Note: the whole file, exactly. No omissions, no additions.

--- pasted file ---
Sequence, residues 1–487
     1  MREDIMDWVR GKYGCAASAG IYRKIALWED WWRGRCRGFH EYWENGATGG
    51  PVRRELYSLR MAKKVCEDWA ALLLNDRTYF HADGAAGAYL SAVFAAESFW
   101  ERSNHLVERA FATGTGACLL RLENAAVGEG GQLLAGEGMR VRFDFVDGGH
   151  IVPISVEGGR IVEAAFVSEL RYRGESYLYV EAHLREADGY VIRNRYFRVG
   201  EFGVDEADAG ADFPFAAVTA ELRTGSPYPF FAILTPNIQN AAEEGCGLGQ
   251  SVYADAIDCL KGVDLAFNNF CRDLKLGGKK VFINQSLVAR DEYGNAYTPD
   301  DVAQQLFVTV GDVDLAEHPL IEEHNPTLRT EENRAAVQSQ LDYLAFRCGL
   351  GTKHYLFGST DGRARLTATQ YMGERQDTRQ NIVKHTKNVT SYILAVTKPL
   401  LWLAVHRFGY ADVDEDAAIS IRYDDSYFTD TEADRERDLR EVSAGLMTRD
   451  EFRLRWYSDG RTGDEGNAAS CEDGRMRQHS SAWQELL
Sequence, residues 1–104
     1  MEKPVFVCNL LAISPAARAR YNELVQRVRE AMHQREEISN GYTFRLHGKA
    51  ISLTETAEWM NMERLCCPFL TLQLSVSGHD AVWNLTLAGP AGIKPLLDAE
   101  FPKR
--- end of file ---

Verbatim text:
Sequence, residues 1–487
     1  MREDIMDWVR GKYGCAASAG IYRKIALWED WWRGRCRGFH EYWENGATGG
    51  PVRRELYSLR MAKKVCEDWA ALLLNDRTYF HADGAAGAYL SAVFAAESFW
   101  ERSNHLVERA FATGTGACLL RLENAAVGEG GQLLAGEGMR VRFDFVDGGH
   151  IVPISVEGGR IVEAAFVSEL RYRGESYLYV EAHLREADGY VIRNRYFRVG
   201  EFGVDEADAG ADFPFAAVTA ELRTGSPYPF FAILTPNIQN AAEEGCGLGQ
   251  SVYADAIDCL KGVDLAFNNF CRDLKLGGKK VFINQSLVAR DEYGNAYTPD
   301  DVAQQLFVTV GDVDLAEHPL IEEHNPTLRT EENRAAVQSQ LDYLAFRCGL
   351  GTKHYLFGST DGRARLTATQ YMGERQDTRQ NIVKHTKNVT SYILAVTKPL
   401  LWLAVHRFGY ADVDEDAAIS IRYDDSYFTD TEADRERDLR EVSAGLMTRD
   451  EFRLRWYSDG RTGDEGNAAS CEDGRMRQHS SAWQELL
Sequence, residues 1–104
     1  MEKPVFVCNL LAISPAARAR YNELVQRVRE AMHQREEISN GYTFRLHGKA
    51  ISLTETAEWM NMERLCCPFL TLQLSVSGHD AVWNLTLAGP AGIKPLLDAE
   101  FPKR